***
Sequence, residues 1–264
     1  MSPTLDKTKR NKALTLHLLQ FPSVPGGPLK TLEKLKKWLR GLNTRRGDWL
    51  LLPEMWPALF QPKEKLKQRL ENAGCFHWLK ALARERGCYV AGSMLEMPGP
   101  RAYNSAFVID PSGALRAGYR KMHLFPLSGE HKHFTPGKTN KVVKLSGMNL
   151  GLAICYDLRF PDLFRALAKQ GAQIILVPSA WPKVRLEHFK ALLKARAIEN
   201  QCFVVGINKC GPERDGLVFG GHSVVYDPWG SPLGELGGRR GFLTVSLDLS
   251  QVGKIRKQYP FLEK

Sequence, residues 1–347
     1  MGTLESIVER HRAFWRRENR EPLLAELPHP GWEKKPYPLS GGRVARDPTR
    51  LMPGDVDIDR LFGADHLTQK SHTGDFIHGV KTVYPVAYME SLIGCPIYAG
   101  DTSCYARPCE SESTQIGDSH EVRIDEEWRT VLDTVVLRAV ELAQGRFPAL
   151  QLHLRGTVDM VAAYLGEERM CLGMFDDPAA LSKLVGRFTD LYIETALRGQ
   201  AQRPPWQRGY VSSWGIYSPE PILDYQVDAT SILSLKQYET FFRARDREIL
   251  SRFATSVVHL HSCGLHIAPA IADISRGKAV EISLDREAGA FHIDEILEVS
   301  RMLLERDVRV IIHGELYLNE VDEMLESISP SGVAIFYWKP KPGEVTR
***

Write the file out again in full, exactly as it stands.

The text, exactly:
Sequence, residues 1–264
     1  MSPTLDKTKR NKALTLHLLQ FPSVPGGPLK TLEKLKKWLR GLNTRRGDWL
    51  LLPEMWPALF QPKEKLKQRL ENAGCFHWLK ALARERGCYV AGSMLEMPGP
   101  RAYNSAFVID PSGALRAGYR KMHLFPLSGE HKHFTPGKTN KVVKLSGMNL
   151  GLAICYDLRF PDLFRALAKQ GAQIILVPSA WPKVRLEHFK ALLKARAIEN
   201  QCFVVGINKC GPERDGLVFG GHSVVYDPWG SPLGELGGRR GFLTVSLDLS
   251  QVGKIRKQYP FLEK

Sequence, residues 1–347
     1  MGTLESIVER HRAFWRRENR EPLLAELPHP GWEKKPYPLS GGRVARDPTR
    51  LMPGDVDIDR LFGADHLTQK SHTGDFIHGV KTVYPVAYME SLIGCPIYAG
   101  DTSCYARPCE SESTQIGDSH EVRIDEEWRT VLDTVVLRAV ELAQGRFPAL
   151  QLHLRGTVDM VAAYLGEERM CLGMFDDPAA LSKLVGRFTD LYIETALRGQ
   201  AQRPPWQRGY VSSWGIYSPE PILDYQVDAT SILSLKQYET FFRARDREIL
   251  SRFATSVVHL HSCGLHIAPA IADISRGKAV EISLDREAGA FHIDEILEVS
   301  RMLLERDVRV IIHGELYLNE VDEMLESISP SGVAIFYWKP KPGEVTR